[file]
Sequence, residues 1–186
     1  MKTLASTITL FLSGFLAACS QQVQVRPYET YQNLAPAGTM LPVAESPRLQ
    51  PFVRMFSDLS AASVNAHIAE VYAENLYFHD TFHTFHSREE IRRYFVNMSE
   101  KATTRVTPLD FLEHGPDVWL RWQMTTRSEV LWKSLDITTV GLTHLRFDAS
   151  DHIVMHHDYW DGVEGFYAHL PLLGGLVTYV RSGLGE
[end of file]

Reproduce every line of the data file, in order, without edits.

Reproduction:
Sequence, residues 1–186
     1  MKTLASTITL FLSGFLAACS QQVQVRPYET YQNLAPAGTM LPVAESPRLQ
    51  PFVRMFSDLS AASVNAHIAE VYAENLYFHD TFHTFHSREE IRRYFVNMSE
   101  KATTRVTPLD FLEHGPDVWL RWQMTTRSEV LWKSLDITTV GLTHLRFDAS
   151  DHIVMHHDYW DGVEGFYAHL PLLGGLVTYV RSGLGE